Nazih Sebaali, the owner of the venerable Café Annie which stood in the heart of downtown Orlando for 29 years, is now serving Mediterranean fare in the heart of Baldwin Park. His restaurant, Meza, occupies a gleaming space on Jake Street. But, for all the spanking newness, Meza's menu highlights enduring classics of Sebaali's native Lebanon, and, judging how strong a following Annie's falafel garnered, that's a good thing.
The restaurant is the culmination of a year and a half's worth of buildout and renovations. When you consider Sebaali came to the U.S. as an engineering student 40 years ago, his success in the cutthroat restaurant biz is all the more remarkable.
"I worked in the hospitality industry so that I could help my parents pay for my college," says Sebaali. "I loved the restaurant business so much, I decided to stay working in it." Much to the chagrin of his parents, no doubt, yet for Sebaali, it's his father he most wants to emulate. "He's my mentor. My father worked hard all his life to ensure that we had everything we needed. He sacrificed his life to better ours, and that's exactly what I want to do for my children."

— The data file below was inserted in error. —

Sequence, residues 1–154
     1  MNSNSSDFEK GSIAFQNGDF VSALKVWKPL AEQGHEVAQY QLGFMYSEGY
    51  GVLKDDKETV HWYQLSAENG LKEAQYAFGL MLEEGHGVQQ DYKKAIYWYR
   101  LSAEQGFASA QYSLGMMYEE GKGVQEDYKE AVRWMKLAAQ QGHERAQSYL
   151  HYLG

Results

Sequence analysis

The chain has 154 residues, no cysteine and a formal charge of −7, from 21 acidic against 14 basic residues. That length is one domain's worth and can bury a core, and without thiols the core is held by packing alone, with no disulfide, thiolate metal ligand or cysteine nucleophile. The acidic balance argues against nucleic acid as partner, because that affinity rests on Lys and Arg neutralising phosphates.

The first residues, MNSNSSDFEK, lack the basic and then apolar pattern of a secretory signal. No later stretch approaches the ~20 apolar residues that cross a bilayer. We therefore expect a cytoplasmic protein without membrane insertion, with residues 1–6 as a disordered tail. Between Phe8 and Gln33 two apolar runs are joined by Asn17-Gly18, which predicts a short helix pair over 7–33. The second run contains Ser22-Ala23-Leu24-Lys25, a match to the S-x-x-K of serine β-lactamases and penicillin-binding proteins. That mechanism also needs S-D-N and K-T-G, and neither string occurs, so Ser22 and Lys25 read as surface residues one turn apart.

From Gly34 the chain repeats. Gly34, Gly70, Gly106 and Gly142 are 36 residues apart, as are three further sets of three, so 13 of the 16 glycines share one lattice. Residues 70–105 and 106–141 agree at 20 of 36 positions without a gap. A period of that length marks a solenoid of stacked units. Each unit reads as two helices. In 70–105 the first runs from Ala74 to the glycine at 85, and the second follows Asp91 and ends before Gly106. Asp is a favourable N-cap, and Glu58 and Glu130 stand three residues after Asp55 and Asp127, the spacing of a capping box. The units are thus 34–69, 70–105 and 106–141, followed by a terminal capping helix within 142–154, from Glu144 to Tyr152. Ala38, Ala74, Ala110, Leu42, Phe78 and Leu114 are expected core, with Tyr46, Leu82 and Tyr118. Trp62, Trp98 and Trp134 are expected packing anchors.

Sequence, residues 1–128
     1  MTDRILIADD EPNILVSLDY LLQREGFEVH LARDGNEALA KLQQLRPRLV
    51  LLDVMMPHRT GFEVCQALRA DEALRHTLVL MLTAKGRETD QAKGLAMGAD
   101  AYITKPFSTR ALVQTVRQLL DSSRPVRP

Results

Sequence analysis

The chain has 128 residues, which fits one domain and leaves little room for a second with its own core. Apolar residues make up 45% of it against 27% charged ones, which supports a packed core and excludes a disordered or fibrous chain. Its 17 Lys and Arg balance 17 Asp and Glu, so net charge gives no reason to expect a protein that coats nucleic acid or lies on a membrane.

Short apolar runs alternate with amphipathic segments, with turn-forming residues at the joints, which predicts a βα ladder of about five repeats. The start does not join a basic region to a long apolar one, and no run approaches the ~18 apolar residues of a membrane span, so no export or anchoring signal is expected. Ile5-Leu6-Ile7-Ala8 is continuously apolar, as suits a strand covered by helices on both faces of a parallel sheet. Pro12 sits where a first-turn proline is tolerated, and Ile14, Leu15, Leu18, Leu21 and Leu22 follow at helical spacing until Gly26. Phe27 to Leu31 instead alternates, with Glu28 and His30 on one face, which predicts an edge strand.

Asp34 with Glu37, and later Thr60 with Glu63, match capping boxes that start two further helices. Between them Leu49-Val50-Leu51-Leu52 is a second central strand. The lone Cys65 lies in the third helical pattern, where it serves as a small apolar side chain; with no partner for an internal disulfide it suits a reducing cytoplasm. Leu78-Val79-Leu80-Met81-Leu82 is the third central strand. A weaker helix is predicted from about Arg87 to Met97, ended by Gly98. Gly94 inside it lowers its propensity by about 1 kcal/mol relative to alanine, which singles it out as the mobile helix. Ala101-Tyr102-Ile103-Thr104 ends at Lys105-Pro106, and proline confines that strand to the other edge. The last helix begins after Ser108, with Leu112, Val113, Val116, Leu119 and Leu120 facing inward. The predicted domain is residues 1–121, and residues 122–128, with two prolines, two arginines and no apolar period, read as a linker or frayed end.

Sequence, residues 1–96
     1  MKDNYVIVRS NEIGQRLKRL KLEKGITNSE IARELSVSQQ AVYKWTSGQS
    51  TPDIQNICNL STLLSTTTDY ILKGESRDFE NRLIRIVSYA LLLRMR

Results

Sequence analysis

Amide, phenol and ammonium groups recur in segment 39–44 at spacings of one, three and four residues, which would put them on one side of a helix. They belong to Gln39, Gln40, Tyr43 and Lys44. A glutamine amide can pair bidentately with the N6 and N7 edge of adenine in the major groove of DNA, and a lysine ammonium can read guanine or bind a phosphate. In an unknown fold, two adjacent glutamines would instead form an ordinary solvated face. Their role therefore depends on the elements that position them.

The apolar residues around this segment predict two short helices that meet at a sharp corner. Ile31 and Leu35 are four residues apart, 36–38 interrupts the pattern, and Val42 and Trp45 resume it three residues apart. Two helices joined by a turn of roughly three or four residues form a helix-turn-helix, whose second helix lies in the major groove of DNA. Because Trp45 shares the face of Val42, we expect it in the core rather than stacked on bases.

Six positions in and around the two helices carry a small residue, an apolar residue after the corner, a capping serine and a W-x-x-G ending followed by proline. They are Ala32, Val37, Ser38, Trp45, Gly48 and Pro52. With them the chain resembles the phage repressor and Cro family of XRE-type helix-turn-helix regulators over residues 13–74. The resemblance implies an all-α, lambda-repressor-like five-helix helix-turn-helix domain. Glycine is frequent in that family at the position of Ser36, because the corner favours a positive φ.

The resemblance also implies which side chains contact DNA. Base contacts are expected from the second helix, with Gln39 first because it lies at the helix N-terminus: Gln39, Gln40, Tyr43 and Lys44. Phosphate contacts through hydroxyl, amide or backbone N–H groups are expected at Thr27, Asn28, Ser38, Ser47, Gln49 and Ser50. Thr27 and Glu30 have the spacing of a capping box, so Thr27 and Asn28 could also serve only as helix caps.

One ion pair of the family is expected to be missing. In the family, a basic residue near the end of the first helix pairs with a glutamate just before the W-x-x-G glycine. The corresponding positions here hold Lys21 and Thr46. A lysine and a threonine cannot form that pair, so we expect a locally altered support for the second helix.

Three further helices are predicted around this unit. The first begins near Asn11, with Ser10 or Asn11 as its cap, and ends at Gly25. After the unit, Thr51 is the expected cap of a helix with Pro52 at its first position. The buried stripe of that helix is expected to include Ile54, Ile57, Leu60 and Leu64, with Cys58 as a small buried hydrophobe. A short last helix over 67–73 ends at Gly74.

Like Café Annie, Meza promises to become a Baldwin Park institution – at least, that's the hope, and Sebaali knows the winning tack. "In this business, you need to tap into what matters most to your customers – what's important to them. So I hire people who are qualified, and who care. We Lebanese, we're known for our hospitality, and this is the image I want to project in my restaurant." Meza sits next door to another institution – Seito Sushi, one of the city's finest Japanese restaurants – so here's hoping some of Seito's brilliance rubs off on the new kid on the block.